Dear Master Gardener, I have two flowering cherry trees in front of my house...
Dear Master Gardener, I have two flowering cherry trees in front of my house that I suspect are in need of pruning. Both crowns are very large, and one tree is growing more on one side than the other, unbalancing the tree. I have looked a little around the internet and have not had much luck finding instructions for pruning my trees that I would trust. I was hoping that you could put me in touch with someone who could help me out. I have taken photos of each tree from each side, one far and one close, and was hoping that one of your master gardeners familiar with pruning cherry trees could look at the photos and give me some guidance. The attached photo is typical of both trees - one or more limbs has grown to a size that puts the tree out of balance, for example the large limb growing to the right in the photo. The other photos are available on Google Drive, and I can email links to the photos. I understand the trees should be pruned while dormant. Are they still dormant at this time of year? Can I cut such a large limb from the tree without killing the tree? Both trees have very large crowns - how do I prune them to keep the tree healthy? The unbalanced tree is beginning to show roots above ground on one side - is that due to the unbalanced condition? Thank you, Jason
Baltimore County Maryland
As long as trees are growing without health problems, little to no pruning should be done. You've identified one reason to prune--a lop-sided, off balance tree that could possibly be in danger of falling or blowing over. The very large limb to the right of the photo does look like it is exceptionally large and could be removed, but it's hard to tell exactly because of the angle we're seeing in the photo. It would be helpful if you could attach more photos in a reply (in replies, you can attach up to 3 photos) so we could get a better picture.
Yes, your trees are dormant, i.e. they are not leafed out or actively growing. For good instructions of HOW to remove a limb, please carefully read our pruning fact sheet: http://extension.umd.edu/sites/default/files/_images/programs/hgic/Publications/HG84_Pruning%20ornam... Be sure to study how a pruning cut should not remove the branch "collar."
The rule of thumb about how much of a tree can be removed at once is 1/4th of the canopy.
As for the exposed roots, it looks like the roots are exposed on the downhill side of the tree. Roots are often exposed by the slow process of erosion. You can put 1 or 2 inches of soil over the roots if you want. It doesn't seem that the roots would be pulling out of the ground on that side, since that it also the side that has the heavy large limb.
Incidentally, when you use this "Ask An Expert" feature, your questions are answered by certified horticulturalists who are employees. Master Gardeners is a volunteer organization also run out of this office, but they do not answer the phone here or email questions.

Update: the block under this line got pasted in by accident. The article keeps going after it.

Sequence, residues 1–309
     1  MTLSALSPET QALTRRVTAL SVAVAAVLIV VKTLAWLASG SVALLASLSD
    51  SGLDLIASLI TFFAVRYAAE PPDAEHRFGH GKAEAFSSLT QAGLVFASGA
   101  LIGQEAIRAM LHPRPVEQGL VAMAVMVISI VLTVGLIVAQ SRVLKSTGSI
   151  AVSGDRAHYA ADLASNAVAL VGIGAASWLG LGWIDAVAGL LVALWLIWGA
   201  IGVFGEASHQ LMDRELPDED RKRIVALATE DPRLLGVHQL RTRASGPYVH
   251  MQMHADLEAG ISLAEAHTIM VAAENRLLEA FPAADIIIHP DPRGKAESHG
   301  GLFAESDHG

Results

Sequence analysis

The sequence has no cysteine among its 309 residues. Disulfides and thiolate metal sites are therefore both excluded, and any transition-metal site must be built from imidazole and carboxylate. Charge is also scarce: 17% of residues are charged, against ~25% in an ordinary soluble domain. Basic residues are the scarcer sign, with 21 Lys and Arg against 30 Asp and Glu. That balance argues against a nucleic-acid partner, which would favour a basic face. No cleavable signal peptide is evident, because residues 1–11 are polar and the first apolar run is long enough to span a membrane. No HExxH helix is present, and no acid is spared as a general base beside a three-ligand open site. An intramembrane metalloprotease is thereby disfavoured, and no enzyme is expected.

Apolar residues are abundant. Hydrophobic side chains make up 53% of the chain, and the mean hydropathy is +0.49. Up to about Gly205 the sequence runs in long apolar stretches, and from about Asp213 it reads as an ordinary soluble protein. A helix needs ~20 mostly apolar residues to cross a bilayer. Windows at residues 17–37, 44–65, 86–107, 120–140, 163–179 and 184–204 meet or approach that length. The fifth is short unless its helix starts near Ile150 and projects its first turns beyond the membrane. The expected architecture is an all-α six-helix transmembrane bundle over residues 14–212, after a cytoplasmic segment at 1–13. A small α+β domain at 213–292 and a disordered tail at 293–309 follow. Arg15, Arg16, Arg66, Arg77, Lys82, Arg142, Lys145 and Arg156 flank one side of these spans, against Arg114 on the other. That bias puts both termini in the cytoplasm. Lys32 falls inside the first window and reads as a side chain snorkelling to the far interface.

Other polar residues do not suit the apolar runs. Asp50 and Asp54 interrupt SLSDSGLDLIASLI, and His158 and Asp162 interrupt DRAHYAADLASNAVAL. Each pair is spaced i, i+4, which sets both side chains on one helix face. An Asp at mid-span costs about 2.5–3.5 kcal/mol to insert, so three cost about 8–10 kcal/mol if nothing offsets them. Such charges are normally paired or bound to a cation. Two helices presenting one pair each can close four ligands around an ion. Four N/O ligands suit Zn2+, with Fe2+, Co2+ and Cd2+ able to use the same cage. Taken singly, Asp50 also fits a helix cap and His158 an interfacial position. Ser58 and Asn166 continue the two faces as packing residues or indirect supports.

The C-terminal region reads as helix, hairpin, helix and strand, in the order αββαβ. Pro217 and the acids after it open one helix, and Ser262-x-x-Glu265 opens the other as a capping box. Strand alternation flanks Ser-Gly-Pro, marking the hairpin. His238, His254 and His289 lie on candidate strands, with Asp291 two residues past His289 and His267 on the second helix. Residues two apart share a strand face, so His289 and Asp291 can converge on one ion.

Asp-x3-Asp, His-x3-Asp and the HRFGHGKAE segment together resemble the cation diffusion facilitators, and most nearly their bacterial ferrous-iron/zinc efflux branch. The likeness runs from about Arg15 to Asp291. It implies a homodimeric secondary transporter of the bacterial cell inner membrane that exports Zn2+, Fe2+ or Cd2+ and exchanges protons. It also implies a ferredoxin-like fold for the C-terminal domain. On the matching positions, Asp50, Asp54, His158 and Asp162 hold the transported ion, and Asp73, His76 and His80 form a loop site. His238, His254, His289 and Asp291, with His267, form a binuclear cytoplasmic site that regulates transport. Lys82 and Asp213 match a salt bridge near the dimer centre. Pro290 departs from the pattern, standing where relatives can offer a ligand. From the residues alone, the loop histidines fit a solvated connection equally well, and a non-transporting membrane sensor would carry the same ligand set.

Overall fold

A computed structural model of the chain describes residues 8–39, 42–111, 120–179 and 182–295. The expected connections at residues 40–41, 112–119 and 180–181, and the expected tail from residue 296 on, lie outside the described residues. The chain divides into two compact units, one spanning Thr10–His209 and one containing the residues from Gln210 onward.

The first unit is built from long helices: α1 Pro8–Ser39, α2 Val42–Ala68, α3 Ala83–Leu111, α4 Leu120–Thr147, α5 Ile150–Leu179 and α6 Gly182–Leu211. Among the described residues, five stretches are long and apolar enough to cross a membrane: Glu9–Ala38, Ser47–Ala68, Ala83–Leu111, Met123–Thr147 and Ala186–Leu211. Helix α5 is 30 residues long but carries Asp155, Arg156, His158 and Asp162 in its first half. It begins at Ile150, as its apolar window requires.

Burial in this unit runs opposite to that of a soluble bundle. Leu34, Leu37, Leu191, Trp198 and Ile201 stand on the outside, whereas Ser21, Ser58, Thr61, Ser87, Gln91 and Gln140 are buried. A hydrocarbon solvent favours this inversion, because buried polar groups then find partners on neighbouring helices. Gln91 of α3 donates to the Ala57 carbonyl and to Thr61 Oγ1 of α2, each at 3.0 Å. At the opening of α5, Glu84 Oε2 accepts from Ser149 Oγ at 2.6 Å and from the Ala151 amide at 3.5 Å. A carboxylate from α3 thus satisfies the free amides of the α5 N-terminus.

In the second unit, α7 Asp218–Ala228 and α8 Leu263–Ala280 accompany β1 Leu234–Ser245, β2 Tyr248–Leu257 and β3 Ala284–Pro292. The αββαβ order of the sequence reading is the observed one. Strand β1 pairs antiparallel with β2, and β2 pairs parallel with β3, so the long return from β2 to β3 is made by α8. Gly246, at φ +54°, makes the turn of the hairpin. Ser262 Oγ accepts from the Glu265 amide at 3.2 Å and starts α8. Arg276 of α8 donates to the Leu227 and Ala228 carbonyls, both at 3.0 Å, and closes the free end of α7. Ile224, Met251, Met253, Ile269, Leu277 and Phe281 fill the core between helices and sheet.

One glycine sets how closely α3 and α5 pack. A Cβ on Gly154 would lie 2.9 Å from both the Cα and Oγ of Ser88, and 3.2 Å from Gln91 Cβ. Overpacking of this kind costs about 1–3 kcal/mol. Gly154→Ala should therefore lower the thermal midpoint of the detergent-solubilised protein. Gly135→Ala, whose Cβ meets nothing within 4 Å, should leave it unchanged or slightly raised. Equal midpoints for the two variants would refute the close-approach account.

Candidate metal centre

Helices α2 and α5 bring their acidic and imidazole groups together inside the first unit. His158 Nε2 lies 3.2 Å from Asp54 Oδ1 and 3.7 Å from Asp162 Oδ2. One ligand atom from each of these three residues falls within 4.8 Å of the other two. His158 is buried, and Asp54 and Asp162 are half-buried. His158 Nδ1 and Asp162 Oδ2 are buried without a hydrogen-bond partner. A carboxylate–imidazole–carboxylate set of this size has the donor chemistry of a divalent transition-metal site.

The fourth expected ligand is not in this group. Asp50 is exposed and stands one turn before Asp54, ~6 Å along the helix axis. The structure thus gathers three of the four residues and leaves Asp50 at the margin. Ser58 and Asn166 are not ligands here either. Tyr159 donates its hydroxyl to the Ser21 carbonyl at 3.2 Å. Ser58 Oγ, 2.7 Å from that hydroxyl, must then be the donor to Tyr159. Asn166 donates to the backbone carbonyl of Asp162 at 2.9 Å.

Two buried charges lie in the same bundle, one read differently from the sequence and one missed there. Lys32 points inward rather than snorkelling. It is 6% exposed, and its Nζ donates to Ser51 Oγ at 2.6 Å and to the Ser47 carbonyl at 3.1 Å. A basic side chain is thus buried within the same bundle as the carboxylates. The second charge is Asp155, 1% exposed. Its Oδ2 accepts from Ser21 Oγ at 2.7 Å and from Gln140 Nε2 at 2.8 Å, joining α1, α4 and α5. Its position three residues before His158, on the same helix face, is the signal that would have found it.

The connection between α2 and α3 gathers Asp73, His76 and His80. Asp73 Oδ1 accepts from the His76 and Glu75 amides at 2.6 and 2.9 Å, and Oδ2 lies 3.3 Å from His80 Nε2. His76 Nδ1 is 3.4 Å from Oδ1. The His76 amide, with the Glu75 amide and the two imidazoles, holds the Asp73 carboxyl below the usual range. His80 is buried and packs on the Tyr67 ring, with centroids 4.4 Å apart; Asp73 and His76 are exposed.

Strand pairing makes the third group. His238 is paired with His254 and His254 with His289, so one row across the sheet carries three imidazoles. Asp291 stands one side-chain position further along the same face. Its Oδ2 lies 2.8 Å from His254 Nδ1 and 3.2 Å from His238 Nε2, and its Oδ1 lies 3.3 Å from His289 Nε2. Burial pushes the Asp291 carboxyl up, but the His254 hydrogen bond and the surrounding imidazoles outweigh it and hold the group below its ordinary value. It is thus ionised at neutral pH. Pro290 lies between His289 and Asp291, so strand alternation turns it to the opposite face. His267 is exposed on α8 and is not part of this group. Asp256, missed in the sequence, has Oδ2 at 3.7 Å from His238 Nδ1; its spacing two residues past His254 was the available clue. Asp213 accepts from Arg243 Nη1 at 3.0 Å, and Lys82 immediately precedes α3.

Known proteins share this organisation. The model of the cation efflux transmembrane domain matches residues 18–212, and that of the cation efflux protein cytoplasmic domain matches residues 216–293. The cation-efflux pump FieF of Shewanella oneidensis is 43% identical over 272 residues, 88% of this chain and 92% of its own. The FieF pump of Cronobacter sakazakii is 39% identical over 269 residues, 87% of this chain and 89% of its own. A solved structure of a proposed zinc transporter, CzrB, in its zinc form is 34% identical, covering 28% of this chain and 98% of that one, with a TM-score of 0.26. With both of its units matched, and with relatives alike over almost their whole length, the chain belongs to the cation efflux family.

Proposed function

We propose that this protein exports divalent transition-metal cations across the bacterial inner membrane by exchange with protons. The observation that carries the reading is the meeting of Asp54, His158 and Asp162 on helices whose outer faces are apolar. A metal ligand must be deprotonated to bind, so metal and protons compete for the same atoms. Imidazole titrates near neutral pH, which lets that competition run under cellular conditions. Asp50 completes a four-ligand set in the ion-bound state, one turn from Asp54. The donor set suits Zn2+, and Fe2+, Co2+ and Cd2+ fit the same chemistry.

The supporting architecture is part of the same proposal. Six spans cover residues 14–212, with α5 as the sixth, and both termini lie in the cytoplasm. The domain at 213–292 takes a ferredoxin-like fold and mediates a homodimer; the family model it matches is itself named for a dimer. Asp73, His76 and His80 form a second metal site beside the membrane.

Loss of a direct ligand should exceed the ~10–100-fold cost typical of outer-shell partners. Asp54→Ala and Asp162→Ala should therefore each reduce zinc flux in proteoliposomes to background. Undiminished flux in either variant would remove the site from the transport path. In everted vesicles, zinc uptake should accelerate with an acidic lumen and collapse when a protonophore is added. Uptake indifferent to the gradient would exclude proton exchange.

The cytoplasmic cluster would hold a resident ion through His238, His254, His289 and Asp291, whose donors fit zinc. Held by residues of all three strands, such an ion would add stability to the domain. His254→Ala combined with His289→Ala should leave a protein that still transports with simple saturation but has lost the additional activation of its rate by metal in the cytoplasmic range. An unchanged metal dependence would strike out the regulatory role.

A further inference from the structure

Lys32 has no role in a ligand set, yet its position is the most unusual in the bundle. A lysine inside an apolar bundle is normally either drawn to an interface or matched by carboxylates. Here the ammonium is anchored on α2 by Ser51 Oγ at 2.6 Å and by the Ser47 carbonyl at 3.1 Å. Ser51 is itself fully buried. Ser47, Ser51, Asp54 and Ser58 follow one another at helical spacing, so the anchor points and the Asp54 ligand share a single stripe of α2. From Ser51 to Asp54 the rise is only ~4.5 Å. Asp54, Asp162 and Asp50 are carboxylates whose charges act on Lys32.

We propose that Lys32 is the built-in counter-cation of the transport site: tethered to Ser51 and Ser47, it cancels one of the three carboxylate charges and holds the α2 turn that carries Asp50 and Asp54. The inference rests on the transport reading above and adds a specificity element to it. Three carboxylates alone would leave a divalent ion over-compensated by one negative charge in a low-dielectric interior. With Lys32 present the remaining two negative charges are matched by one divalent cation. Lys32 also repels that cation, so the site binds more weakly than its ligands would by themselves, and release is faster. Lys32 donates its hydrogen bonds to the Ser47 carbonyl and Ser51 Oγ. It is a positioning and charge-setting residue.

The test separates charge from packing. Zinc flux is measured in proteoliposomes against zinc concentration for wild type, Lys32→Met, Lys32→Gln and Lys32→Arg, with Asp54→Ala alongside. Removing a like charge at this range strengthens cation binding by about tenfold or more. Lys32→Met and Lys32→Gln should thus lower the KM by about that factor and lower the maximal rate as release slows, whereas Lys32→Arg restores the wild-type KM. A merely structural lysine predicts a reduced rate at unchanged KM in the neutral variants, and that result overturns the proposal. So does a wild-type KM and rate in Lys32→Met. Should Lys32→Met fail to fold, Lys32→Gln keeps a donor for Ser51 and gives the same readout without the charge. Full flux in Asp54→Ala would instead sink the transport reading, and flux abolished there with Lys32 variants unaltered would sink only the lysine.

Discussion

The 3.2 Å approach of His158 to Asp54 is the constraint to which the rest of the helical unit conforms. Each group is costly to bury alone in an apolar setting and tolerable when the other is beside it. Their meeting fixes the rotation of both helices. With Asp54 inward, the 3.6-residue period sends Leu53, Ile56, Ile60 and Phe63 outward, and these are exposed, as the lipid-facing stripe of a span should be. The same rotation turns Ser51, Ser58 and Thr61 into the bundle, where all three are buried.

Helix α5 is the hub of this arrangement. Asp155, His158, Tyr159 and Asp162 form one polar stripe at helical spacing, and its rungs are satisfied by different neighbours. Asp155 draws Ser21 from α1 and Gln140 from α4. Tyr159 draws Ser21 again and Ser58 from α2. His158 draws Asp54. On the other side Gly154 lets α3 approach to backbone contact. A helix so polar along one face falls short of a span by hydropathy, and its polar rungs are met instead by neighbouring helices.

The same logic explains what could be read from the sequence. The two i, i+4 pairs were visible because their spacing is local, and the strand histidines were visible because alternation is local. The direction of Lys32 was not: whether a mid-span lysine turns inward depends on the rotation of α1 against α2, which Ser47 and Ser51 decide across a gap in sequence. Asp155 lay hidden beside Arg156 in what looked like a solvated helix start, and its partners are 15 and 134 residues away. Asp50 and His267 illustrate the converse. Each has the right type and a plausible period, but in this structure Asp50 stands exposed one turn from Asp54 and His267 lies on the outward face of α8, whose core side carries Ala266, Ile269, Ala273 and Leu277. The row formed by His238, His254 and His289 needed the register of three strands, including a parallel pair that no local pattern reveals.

We hope to see more of your photos.
Thanks for the response. I have attached two more photos of the tree, and one photo of the roots, which are on the uphill side of the tree and show more each season. The very large limb (in "tree 2 trunk2," the one on the right with the healing cut where a small limb was previously removed) is the one that really puts the tree out of balance, as it has grown pretty long and then it branches several times. This limb is the one I would like to remove. I hope you can see it in the photo of the entire tree, "tree 2 west side." I will follow the pruning instructions you gave a link to.
I think I'll leave the other tree alone; though it's getting very big, it's not unbalanced like "tree 2" is.
Any additional thoughts would be appreciated.
Your decision to remove the one overly large branch looks like a good one. That is a very nice tree, and one we're sure you'll want to be careful to preserve. You might want to contact a tree service company (or two) which has a certified arborist (certified by the International Society of Arboriculture) and have the arborist come look at the limb. There is no charge to look at the tree, only to treat the tree. To locate a certified arborist, here is a website: http://www.mac-isa.org/ The arborist could give you an opinion on how and where to cut.
We can see that the roots are very shallow and extensive. If there was enough erosion to expose all those roots, you're probably aware of it. Another reason that trees have lots of exposed roots,however, is that the soil is compacted, i.e. densely packed together (usually there is a lot of clay in the soil.) When soil is compacted, oxygen and water cannot get down to the roots under the ground, and in order get the oxygen and water it needs, the tree's roots are forced to grow up closer to, or on, the surface. Once soil is compacted, there is not a whole lot you can do to make it better for the tree, however you can avoid walking or driving mowers on the soil when it is wet. One other thing you could do is use a core aerator on the lawn. An aerator pulls little plugs of soil out of the ground, and then you can spread an organic soil amendment (usually a composted leaf product or composted manure) over the lawn so that it fills up the holes.